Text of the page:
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Immune Modulation In Respiratory Diseases

Immune Modulation In Respiratory Diseases

Posted By HealthcareOnTime Team Posted on 2022-02-02

Understanding Major Respiratory Diseases
Respiratory disease is one of the leading contributors to deaths in India and the world. India bears around 32% of the global burden of respiratory, diseases. In most cases, Smoking, lung infections, or genetic disorders playa vital role in major respiratory disease. India is one of the developing countries in which, both acute and chronic respiratory diseases are prevalent in substantial numbers. The major respiratory diseases which have maximum occurrence in India are - Asthma,Chronic Obstructive Pulmonary Disease (COPD), Lung Cancer, Pneumonia, Pleural Effusion, Chronic Bronchitis, Tuberculosis, and Allergic Rhinitis. Based on the recent Global Burden of Disease (GBD) survey, among these diseases, asthma and COPD show off wide variations in several states in India with maximum affected people

Immune Modulation In Respiratory Diseases

Lung - A Critical Immune Interface
Lungs are the most crucial organs for vertebrates to survive, via the intake of oxygen from the air. Due to this continuous gaseous exchange with the air, lungs are most vulnerable to infections by toxins, microbes, airborne pathogens, or allergens. Based on the intensity and duration of exposure, lung infection can vary from mild to acute. For example, COPD and allergic asthma trigger chronic inflammatory responses in the lungs, whereas acute microbial infections cause pneumonia or sepsis with severe inflammation to the lungs which can lead to Acute Lung Injury / Inflammation(ALI) or Acute Respiratory Distress Syndrome (ARDS).

Being susceptible to such severe infections, lungs are designed to serve as a major immune organ that can protect themselves autonomously from the microbes, allergens, xenobiotics, or pathogens that enter our body through inhalation. Although, lung epithelial cells are the principal targets of most respiratory viruses, there is expanding evidence that lung epithelia themselves are capable of generating antimicrobial responses. This immuneagainst pathogens can also be enhanced by nasal adjuvant administration. Hence, lungs act as a potent immunological interface that can generate local as well as protective systemic immunity against external respiratory pathogens.

Major Immune Cells in Lungs
The figure below illustrates that lungs contain macrophages which may be divided into alveolar macrophages and interstitial macrophages. Lungs also contain alveolar and bronchial epithelial cells (AECs and BECs), Dendritic cells, Natural Killer cells along with other Innate Lymphoid Cells (ILCIS, ILC2s, and ILC3s), and adaptive immune cells like T and B cells to protect them against pathogens, toxicants, and allergens inhaled. Neutrophils also migrate to the lungs in response to infection or inflammatory insult. These pulmonary innate immune cells release several cytokines and, chemokines and serve as antigen presenting cells (APCs) to regulate pulmonary innate as well as adaptive immunity.

Know the Genes Causing Respiratory Diseases
There are multiple genes that play a vital role in the initiation and progression of lung diseases such as Tumor Necrosis Factor-a (TNFa), Transforming Growth Factor-B1 (TGFB1), Glutathione S-transferases P1 and M1 (GSTP1, and GSTM1), and superoxide dismutase 3 (SOD3). TLR3 and TLR5 trigger the progression of severe respiratory diseases like pneumonia and chemokine ligand 2, Toll-like receptor 4, T-helper cell 1 initiate tuberculosis. Researchers have further identified a gene that is closely associated with nicotine addiction and lung cancer. It has been seen that a specific region on chromosome 15 (15q25.1), containing the nicotinic acetylcholine receptor subunit genes CHRNA3 and CHRNA5 are responsible for the trigger point behind the lung carcinoma.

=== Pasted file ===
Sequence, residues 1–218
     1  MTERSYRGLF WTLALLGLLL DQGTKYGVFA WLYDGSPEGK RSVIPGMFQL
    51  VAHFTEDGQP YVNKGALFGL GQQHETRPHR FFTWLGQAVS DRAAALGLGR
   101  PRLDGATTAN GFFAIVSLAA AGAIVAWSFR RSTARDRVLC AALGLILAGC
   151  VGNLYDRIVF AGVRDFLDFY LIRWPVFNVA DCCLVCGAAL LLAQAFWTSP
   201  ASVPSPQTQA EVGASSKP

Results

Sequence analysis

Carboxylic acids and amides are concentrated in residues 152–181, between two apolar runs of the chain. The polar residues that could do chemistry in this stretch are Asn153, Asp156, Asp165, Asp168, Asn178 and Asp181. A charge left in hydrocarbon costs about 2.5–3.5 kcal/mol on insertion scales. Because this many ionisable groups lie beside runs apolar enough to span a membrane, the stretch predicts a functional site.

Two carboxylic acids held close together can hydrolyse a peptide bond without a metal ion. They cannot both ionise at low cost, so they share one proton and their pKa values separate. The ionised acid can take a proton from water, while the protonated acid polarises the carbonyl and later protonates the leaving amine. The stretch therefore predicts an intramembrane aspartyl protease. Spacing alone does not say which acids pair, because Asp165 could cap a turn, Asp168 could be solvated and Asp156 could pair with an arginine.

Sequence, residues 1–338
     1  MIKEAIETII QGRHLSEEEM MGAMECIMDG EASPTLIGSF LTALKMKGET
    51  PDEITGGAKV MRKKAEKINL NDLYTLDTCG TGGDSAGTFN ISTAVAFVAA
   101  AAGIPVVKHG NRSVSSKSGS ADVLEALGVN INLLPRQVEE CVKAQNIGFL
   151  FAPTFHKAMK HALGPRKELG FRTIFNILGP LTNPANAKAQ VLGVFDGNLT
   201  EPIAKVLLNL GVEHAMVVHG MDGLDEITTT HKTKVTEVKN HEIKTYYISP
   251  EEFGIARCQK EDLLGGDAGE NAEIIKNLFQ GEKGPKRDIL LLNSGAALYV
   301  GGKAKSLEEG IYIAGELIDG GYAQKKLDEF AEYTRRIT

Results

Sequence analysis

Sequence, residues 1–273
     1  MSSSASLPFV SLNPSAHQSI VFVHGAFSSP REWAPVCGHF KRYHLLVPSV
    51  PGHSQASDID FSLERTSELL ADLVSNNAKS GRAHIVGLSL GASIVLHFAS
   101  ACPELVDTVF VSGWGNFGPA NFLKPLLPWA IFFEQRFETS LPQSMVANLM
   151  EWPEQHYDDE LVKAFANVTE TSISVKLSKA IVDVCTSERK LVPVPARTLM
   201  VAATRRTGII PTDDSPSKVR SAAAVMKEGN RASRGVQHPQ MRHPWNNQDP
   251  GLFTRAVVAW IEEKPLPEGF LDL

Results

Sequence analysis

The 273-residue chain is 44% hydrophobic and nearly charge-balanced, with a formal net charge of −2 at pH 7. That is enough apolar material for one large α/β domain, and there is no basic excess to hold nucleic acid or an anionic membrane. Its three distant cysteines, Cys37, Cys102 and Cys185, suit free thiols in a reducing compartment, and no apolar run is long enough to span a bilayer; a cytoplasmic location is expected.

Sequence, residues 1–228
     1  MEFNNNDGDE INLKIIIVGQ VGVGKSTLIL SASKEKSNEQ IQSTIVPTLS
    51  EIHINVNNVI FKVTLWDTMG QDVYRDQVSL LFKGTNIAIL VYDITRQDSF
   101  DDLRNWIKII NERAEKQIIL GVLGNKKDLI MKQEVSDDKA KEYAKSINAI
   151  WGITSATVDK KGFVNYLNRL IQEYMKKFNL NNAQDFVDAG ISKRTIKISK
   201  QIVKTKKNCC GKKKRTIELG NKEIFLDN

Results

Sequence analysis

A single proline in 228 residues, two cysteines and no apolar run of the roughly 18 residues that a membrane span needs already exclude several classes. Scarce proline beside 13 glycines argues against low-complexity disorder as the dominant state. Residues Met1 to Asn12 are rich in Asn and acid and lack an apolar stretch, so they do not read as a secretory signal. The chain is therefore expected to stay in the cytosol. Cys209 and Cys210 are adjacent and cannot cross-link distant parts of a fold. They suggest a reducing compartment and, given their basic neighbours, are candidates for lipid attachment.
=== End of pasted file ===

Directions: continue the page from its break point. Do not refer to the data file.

Pathogenesis of Respiratory Disease
Pathogenesis of major lung diseases depends on the type of infection and the area of exposure and are discussed below

1. Asthma As we know, asthma is a type of chronic inflammatory airway disease generally represented with the symptoms like - tightness in the chest, wheezing, coughing, and dyspnea. All these symptoms are generally associated with exacerbation of airway inflammation. Whatever be the stimulus the symptoms often start with smooth muscle contraction and inflammation.

Although for a long time, researchers have found asthma is a reversible health condition, recent research shows permanent structural changes in the airway such as - sub-basement membrane fibrosis, smooth muscle hyperplasia, new vessel formation, and glandular hyperplasia. All these changes are collectively known as airway remodeling which is a significant part of asthma pathogenesis. Research on persistent asthma pathogenesis showed that asthma airway remodeling causes an accelerated decline in lung function, which may be slower than COPD but its impact is permanent in bronchiolar airways.

2. COPD Bronchial biopsies and induced sputum of COPD patients have revealed the symptoms of lung inflammation. This inflammation appears to be an enhanced or abnormal inflammatory response, which is beyond the protective capacity of the lungs. It is suggested that the presence of increased CD8+ T lymphocytes differentiates between smokers who do and do not develop COPD. There's a correlation between T-cell numbers, the quantity of alveolar destruction, and therefore the severity of airflow limitation. However, smokers with normal lung function also show an increased number of CD8* cells compared to non-smokers. There's a significant decrease in T-lymphocyte infiltration in bronchial biopsy specimens from subjects with severe COPD. Other cells like macrophages, dendritic cells, epithelial cells, neutrophils play a vital role in the pathogenesis

3. Chronic bronchitis Inflammation of the central airways is a prominent feature in patients with bronchitis. The pathogenesis of bronchitis involves an inflammatory mononuclear cell infiltrate within the airway wall and a neutrophil influx into the airway lumen. The molecular events that trigger inflammation in mucus hypersecretion showed that chemotactic agents are derived not only from tissue fluid but also generated by the infected bronchial epithelium. For example - bronchial epithelial cells synthesize interleukin (IL-8), a potent chemoattractant and activator of neutrophils and lymphocytes. Airway inflammation often involves the adhesion of infiltrating leukocytes to resident parenchymal cells within the bronchi and to the extracellular matrix. The resultant inflammation likely plays an immediate role within the clinical features of the disorder.

Cells Involved in Pathogenesis
There are multiple cells that are involved in the pathogenesis of respiratory diseases